A scorching desert jail for asylum seekers, with no way out

While Eritrean asylum seekers cannot be deported due to the risk they would face upon return, the new Prevention of Infiltration Law enables Israel to keep them in prison indefinitely. New arrivals, most having faced rape and torture en route to Israel, are presently being held in a prison in the desert, and nobody knows how long they’ll be kept there. A visit to Ketsiot prison.

By Yonatan Berman

A scorching desert jail for asylum seekers, with no way out
Ketsiot prison near Israel-Egypt border (photo: Yonatan Berman)

Almost three years ago, I wrote about how much I hate the journey to Ketsiot prison; how frustrating it is there, even for the fleeting visitor who knows that at the end of the day he’ll be free and safe in Tel Aviv. I wrote about the despair of the asylum seekers, who are locked up for days on end, not knowing until when. Although I know the right thing to do is to visit again and again, as often as possible, lately I have been doing so less and less, for my own peace of mind. Because even though in the three years since I poured out my bitterness most of the Prison Service staff was replaced, the situation in this desert prison has only deteriorated.

But sometimes there is no choice, like yesterday, when Mesi, Yuval and I were forced to return to that awful place. The thermometer in Yuval’s car read 39 degrees Celsius as we were getting out. We waited in the central courtyard of the growing prison. To the north (or so at least it seemed to me), they had already added two-story buildings to hold additional asylum seekers. The detainees are currently imprisoned under the new Prevention of Infiltration Law, which allows for the administrative detention of immigrants without legal status for an unlimited period of time (or for a minimum period of three years).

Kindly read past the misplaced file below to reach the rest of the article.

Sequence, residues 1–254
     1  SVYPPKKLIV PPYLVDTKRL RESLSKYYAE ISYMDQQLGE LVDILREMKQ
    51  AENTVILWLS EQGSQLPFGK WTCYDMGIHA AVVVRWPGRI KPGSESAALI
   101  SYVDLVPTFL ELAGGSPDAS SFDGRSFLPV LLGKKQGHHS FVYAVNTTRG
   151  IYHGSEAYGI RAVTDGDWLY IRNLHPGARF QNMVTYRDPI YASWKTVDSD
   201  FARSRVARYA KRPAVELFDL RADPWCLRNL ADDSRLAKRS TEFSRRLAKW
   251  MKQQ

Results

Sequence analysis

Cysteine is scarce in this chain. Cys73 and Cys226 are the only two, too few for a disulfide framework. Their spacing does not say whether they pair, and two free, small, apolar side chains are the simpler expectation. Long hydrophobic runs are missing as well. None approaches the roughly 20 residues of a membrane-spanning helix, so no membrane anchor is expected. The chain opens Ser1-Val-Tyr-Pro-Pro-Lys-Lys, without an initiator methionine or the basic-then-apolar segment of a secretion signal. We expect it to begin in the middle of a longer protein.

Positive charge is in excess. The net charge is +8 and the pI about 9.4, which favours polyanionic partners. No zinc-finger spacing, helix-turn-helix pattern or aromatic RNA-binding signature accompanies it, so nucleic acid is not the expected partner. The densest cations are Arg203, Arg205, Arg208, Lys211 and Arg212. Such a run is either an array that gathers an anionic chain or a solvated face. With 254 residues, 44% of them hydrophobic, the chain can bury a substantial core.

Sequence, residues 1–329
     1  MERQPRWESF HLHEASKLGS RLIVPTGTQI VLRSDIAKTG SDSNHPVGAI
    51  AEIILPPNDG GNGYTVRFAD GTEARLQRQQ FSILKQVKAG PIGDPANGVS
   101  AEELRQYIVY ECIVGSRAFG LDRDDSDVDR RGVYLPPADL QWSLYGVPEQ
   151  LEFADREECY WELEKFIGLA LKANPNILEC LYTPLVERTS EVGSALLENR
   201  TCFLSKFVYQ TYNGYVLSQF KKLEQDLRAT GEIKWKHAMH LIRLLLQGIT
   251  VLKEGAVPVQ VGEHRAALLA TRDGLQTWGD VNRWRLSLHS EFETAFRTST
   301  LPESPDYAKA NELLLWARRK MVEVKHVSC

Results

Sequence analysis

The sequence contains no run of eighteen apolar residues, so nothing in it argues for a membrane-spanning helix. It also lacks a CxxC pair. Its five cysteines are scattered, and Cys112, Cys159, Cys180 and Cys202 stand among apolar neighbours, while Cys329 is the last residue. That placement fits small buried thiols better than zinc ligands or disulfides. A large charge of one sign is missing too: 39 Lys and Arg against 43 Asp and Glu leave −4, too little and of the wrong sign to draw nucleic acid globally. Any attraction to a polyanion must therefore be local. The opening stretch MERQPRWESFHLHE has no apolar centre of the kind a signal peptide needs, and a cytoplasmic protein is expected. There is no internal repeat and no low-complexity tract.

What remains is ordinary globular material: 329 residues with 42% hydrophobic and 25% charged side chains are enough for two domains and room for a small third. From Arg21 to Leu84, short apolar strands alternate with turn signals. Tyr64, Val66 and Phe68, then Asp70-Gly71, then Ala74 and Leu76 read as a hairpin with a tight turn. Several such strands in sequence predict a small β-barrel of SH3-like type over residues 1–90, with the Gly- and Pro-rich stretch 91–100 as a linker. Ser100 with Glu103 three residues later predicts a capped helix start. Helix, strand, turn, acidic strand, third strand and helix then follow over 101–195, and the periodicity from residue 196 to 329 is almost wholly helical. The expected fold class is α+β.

In the two months since the authorities began to use this draconian new instrument for detention, not one person has been released. The Detention Review Tribunal, which has judicial oversight over the detention of asylum seekers under the Prevention of Infiltration Law, has become the law’s rubber stamp. In practice, there are no circumstances under which the new law enables the release of detainees, so all that is left for the judges to do is to see detainee after detainee, to hear his or her story, and to inform him or her that they have no option but to approve the detention order.

The heat in the courtyard is unbearable, and one can only imagine what it feels like in the prison wings, and particularly for the women and children, who are held in tents during this scorching summer. Most of the detainees are Eritrean. “They’re not refugees,” we’re told by the interior minister and the prime minister, who in the same breath admit that we can’t deport them, because deportation would place their lives at risk. The camp, therefore, is not meant for the “illegal immigrants” awaiting deportation, but intended to exhaust and discourage the asylum seekers who can’t be deported.